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Robots vs. Knights


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@MegaDrive has checked in on Discord. If I don't hear from @Kapden today, @Jorito has offered to fill  his spot.

Once the teams are finalized here's what you need to do:

  • Teams must assign one source from the source list for their team to each team member. There are 11 sources available to assign to 9 people (the 2 extra are to give people more of a choice). The source you're assigned will be your source throughout the duration of the competition.
  • Teams must divide into three 3-man squads.
  • Teams must provide me with a schedule of remixers for the next three rounds. Each squad will have one person remixing each round.

Here's an example:

        | Squad A | Squad B | Squad C |
Round 1 | Rock    | Kalinka | Blues   |
Round 2 | X       | Roll    | Zero    |
Round 3 | Volnutt | Alia    | Chaud   |


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Folks: a lot of the team discussion for this competition is going to happen in the Discord channels. Make sure you're idling and/or making yourself available to your teammates via that service. Discord has very good smartphone clients and custom alert settings. I would suggest using this thread here on the forums to coordinate team meetings on Discord.

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Folks, here's some advice related to combining two sources together that I wrote in a different thread.



One thing I notice people getting overthinking in the compos is figuring out the keys of the tracks they have to arrange together. In my opinion (as the guy that conceived the source-versus-source style compo), figuring out the actual key is far less important than figuring out the mode, regardless of what the tonic is. It doesn't matter if one of the sources is in Bb Minor and the other is in F Minor. The Bb and the F don't matter. What matters is that the two tracks are in the Aeolian mode (aka natural minor). When the mode is common, it's incredibly easy to make the sources work together with each other, you just transpose the material from the sources (melody, chord progression, etc.) into a common key, like C minor or something.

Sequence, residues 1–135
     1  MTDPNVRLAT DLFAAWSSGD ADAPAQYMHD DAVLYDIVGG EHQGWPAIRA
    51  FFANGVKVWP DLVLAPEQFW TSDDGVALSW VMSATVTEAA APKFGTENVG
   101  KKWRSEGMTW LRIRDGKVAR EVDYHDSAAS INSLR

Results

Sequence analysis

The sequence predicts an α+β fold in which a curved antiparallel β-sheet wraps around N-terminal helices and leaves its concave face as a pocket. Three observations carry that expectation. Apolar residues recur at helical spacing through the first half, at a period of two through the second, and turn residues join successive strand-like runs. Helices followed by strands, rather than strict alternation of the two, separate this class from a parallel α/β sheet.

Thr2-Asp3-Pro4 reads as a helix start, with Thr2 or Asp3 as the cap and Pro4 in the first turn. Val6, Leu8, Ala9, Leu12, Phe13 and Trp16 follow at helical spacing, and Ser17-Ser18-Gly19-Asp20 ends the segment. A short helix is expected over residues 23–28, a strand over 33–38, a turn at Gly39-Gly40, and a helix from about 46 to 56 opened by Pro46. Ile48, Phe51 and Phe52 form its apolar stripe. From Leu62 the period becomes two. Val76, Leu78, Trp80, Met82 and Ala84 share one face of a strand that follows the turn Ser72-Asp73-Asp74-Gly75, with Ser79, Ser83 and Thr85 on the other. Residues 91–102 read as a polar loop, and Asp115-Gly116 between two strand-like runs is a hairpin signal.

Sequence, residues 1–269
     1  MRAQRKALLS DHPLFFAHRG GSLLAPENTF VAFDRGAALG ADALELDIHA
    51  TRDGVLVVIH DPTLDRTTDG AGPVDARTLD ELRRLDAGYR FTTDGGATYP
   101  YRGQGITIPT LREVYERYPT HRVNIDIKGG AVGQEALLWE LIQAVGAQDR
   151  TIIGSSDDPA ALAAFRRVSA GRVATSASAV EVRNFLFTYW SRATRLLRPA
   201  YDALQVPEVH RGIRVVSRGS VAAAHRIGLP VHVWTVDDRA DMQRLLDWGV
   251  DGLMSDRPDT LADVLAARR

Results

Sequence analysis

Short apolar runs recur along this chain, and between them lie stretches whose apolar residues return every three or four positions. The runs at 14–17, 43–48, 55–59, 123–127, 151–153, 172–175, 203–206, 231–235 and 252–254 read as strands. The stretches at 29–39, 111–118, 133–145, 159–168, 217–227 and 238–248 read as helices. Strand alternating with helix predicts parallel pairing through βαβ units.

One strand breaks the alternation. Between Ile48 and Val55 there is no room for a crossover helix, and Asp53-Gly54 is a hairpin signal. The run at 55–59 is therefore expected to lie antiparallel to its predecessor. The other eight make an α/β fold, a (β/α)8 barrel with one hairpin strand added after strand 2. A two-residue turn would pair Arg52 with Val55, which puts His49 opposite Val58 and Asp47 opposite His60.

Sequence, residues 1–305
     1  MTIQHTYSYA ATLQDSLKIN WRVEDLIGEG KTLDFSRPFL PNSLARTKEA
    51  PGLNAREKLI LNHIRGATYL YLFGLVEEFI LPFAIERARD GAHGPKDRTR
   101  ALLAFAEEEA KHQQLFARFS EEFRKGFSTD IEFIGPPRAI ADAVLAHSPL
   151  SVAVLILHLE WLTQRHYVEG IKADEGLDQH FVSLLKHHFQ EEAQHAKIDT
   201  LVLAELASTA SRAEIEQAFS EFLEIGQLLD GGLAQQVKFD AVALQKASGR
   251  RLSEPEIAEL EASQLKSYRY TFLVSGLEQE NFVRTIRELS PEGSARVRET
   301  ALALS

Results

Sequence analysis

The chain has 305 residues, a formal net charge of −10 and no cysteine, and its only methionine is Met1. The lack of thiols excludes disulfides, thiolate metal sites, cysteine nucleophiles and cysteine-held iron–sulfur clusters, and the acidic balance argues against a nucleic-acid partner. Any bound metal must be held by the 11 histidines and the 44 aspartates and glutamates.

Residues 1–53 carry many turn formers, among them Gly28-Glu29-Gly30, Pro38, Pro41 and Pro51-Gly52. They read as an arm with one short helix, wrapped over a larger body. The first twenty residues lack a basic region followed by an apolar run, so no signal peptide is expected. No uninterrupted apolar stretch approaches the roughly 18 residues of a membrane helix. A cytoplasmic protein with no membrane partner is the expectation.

It gets tougher when you have something like Ionian (aka major scale, e.g. C major) and Aeolian (e.g. D minor) sources being combined. Now you have to think about how you want to push them together. Do you flat the third, sixth, and sevenths of the Ionian source's melody so that it's Aeolian now (i.e. play a C major song in C minor) and then transpose to a common key? Do you keep the Ionian source Ionian (e.g. C major) and shift the tonic of the Aeolian source down to the relative minor (i.e. A minor)? These are options and techniques you can use to push two different sources together and keep them from clashing.